After the City of Bozeman’s all-time-high annual budget of $108M was approved by elected officials in June, the leading topic at city commission meetings has been the proposal for a new “cops and courts” building at the corner of North Rouse and Oak Street. Tentatively named the Rouse Justice Center, the project hopes to provide much needed space for our growing city’s equally growing needs of municipal law enforcement, criminal justice, and court services. If the $23.8M general obligation bond is approved by Bozeman voters in November, this facility is expected to meet Bozeman’s needs for the next 50 years, though the public should understand that Gallatin County’s criminal justice resources would still be at the Law & Justice Center.
There has been some muddied waters, it seems, around the values associated with the new Rouse Justice Center (hereinafter “RJC”), and I hope to offer Magpie readers clarification. Though widely reported as such, $23.8M is NOT the total building cost for the RJC; it’s only the value of the bond. The actual cost of the RJC, according to a report from the general contractor and verified by Bozeman Director of Finance Anna Rosenberry, is expected to be $25.6M. Rosenberry confirmed via email on Thursday that the difference of “$1.8M was approved in previous year budgets… (for) land purchase and preliminary building design, with cost estimates.”
It is also likely that many of Bozeman’s voters may not fully appreciate the terms of a general obligation bond—notably, the interest owed. A bond is ultimately a loan, and as such, a rate of interest is applied to the debt. While neither Rosenberry nor the City of Bozeman can be expected to perfectly predict the interest rate at a forthcoming time when the bond is issued, they can and have made an educated guess. In this case, the Director of Finance has predicted an interest rate of 4.25%. From that assumption, the actual cost to the taxpayers for the RJC, including principal and interest, is approximately $35,371,000. Rosenberry stated via email that the City of Bozeman would make semi-annual payments over 20 years to pay off the bond, with “annual debt service of $1,778,000.”
$35.4M is a hefty sum, for sure; it amounts to one-third of the City of Bozeman’s record annual budget for FY2014-15. And, if you’re anything like me, you may have already begun wondering about the other bonds and civic buildings going up or recently completed.
I’m not going to include the Bozeman School District’s expenditures, because their fiscal management is fodder for a whole ‘nuther article, but here’s a quick list of the big civic projects of late: the water treatment plant, the sewer treatment plant, the Trails Open Space bond, the parking garage, and the public library.
Tackling those one-by-one, readers should first note that the water treatment plant and sewer treatment plant are, in the words of Rosenberry, “…not general obligation bonds (paid with full faith of taxing authority) – instead they are revenue bonds paid only with the revenues derived from the utility customers.” In other words, we the ratepayers of Bozeman’s water and sewer bills pay for those every month on our utility bill, as opposed to the general obligation bond values that are calculated as part of our semi-annual property tax bill.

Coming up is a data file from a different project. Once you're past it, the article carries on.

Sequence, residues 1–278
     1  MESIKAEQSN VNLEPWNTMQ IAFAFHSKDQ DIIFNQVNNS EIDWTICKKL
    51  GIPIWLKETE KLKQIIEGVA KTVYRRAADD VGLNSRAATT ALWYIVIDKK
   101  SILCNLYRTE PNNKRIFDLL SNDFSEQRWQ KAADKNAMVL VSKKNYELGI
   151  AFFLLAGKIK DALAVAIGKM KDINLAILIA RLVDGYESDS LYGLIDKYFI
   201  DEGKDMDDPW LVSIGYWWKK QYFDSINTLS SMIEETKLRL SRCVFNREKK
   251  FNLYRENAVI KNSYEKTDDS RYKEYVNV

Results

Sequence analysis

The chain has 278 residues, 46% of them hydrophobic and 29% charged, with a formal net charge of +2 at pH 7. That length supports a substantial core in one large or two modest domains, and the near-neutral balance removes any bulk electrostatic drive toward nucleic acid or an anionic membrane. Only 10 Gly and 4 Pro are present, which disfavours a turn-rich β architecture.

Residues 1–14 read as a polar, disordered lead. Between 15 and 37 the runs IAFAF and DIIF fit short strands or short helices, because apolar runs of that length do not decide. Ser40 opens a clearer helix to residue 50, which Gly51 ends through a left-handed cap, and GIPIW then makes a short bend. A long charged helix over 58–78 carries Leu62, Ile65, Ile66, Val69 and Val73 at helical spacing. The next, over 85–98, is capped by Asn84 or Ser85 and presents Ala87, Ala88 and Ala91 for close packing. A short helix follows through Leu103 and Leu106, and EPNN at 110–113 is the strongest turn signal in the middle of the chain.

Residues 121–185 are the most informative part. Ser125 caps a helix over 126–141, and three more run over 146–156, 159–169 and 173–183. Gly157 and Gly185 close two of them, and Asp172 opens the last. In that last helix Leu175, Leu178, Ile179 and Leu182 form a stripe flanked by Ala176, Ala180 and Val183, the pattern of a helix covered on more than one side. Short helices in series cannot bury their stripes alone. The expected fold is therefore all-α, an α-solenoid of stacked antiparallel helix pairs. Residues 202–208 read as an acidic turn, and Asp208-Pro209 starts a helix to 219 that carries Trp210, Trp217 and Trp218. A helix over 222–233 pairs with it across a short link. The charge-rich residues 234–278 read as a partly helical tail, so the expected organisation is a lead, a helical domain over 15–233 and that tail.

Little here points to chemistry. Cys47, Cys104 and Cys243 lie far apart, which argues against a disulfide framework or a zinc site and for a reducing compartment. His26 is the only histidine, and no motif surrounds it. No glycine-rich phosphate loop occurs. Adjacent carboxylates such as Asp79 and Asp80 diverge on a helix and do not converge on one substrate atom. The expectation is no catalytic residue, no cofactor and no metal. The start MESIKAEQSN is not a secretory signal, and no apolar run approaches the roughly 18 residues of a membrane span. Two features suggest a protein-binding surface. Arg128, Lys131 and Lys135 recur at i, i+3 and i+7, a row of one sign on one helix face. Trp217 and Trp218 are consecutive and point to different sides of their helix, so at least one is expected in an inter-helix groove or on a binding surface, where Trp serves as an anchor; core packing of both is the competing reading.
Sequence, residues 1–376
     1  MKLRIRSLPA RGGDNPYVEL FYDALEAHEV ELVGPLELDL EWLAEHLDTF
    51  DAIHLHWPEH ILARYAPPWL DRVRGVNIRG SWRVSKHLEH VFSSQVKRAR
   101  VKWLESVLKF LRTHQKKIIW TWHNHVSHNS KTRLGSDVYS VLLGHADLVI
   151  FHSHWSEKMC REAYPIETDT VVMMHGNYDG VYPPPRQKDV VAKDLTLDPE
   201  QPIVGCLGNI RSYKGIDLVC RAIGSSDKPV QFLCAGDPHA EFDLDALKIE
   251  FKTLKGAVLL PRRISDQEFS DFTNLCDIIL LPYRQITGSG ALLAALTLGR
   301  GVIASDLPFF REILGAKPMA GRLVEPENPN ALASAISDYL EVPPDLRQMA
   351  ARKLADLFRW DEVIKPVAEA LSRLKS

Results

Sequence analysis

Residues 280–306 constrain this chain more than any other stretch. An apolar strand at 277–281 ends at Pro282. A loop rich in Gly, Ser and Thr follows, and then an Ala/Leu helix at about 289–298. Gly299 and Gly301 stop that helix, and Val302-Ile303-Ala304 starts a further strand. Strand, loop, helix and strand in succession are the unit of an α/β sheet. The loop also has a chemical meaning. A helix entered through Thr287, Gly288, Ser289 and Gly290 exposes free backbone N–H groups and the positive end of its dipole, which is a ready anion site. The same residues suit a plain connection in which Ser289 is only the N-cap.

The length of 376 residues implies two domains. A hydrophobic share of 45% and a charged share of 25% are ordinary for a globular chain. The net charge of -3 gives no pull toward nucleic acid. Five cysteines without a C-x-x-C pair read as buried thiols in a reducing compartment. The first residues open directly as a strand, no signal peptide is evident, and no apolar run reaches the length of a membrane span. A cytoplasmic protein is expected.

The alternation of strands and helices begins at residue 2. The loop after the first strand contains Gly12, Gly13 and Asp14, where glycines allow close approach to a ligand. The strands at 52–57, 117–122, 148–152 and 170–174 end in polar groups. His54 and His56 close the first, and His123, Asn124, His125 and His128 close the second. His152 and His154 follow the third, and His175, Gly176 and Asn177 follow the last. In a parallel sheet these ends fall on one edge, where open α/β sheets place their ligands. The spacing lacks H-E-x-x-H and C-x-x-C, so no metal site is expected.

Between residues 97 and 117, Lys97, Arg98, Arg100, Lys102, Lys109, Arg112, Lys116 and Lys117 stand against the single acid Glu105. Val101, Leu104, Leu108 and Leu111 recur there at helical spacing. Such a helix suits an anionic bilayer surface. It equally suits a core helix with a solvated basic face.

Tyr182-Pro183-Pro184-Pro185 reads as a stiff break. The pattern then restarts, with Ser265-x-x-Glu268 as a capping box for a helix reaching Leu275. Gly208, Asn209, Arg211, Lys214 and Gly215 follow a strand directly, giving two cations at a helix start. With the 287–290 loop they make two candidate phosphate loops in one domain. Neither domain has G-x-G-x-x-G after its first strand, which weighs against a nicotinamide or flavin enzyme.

But I digress. The Trail Open Space and Parks bond has only been issued for $9.9M so far, but the remaining $5.1M, Rosenberry expects, will be sold this fall. Assuming the same interest rate as the City is using for the RJC, the total cost to the taxpayers for that 20-year bond will be $22,292,000. The interest paid on this bond alone will be approximately $7.3M.
The downtown parking garage is similar to several ongoing “Special District” bonds that include projects like South 8th, the Valley Center/North 19th intersection, or the forthcoming work on Story Street. Rosenberry explains, “The Downtown Tax Increment Financing District issued $4.7M in bonds to help pay for (downtown parking garage) construction. This isn’t a general obligation of the city taxpayers. It is a special obligation of that district.”
In contrast, the public library funding was supported by a general obligation bond, and is fully issued at $4M. For this year’s budget, the Director of Finance reports that $240,000 will be paid toward the principal, with $33,000 paid toward interest.
A lawyer from Missoula and a financing advisor to the City Commission, Mr. Dan Semmens suggested on Monday night that the Bozeman officials consider “hiding the ball” from voters, presumably meaning that we shouldn’t be advised as to actual costs of the RJC bond. Commissioner Chris Mehl responded that that’s not how the Bozeman City Commission does business.
I appreciate Mehl’s response, but the actions of the City and the commission regarding these bonds have not been transparent, and I point to the above as proof. Voters will decide this fall if we need a new justice center—I think we do—but what voters may not fully appreciate is that we’re bonding this community to a future altogether different than what we’ve known. For municipal government, that future’s looking bright, but for those in Bozeman who work for a living, the gap between income and expenditures is getting worse. -TBM
Correction: (9:16 a.m. on Monday, August 4th): The original post attributed to Commissioner Chris Mehl in the second-to-last paragraph that "that's how the Bozeman City Commission does business." It has now been corrected to reflect that he said that's not how the Bozeman City Commission does business. My apology for any confusion.